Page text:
I didn’t believe her. In fact, to this day I still don’t believe the compliments my family gives me (I’m working on this, and I’ve improved tons. I can now entertain the idea that maybe, just maybe, there is some truth to what they say—I know they think what they say is true, but as to whether I believe it’s actually is true is what I’m learning to accept).
Family has to tell you things you want to hear. A true family member won’t degrade you by telling you you’re fat or stupid. So these comments, these compliments and heartfelt truths coming from my family held no merit in my head.
Because no one outside my family saw the things they did. My only male friend left me, and I lost significant chunk in my ability to be noticed by my intelligence, and no guy wanted to ask me to a school dance.
Mom began to notice I wasn’t eating dinner, how when I “did” I only ate a bite or two.
I am so grateful for my mother, but I did hate her when she called me out on it. How she kept telling me I was beautiful and didn’t need to starve myself to get people to notice me. I told her she didn’t understand because she was such a babe and got all the boys when she was my age.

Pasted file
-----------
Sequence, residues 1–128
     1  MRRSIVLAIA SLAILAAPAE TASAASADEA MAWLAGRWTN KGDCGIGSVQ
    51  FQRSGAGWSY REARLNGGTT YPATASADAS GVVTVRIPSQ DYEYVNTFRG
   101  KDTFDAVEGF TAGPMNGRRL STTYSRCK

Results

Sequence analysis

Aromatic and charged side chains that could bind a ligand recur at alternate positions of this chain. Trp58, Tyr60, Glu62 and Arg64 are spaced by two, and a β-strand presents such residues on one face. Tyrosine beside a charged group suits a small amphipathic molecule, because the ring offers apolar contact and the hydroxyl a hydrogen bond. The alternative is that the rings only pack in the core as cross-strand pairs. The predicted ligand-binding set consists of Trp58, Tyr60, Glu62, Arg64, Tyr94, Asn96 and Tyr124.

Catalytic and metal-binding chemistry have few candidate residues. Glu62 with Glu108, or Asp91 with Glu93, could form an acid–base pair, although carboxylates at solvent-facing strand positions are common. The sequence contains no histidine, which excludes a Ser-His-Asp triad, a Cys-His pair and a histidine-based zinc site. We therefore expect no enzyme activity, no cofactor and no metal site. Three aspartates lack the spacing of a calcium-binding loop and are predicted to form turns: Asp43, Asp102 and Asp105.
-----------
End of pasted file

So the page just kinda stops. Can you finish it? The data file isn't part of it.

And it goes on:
Yet, it broke my heart when she started crying. When she told me I broke her trust.
Man that hurt more than my hunger pains.
It hurt, but I still wasn’t convinced to stop.
Only when she told me how if I continued I wouldn’t be able to have children did she break through my tornado thoughts. So I did some research. Male or female, when suffering from anorexia nervosa and allow it to get out of hand will become infertile. When we stop providing our bodies with nutrients, our body starts to each away at our fat stores, then our muscles, and eventually our organs until we eventually die. If we don’t feed our body, our body starts eating itself.
Mom made me chart the food I ate. I had to sign it off and turn it into her every night.
I hated it.
She also started inviting family members over for dinner every night so unless I wanted my whole extended family to know I was anorexic, I had to eat.
Man, mothers know way too well how their kids work.
Although I started eating again, I still wasn’t okay with my body. I’m not sure I ever will be, but I am happy with who I am. And if people can’t see past my body, then they are missing out on the amazing, beautiful person on the inside.
Always and Forever,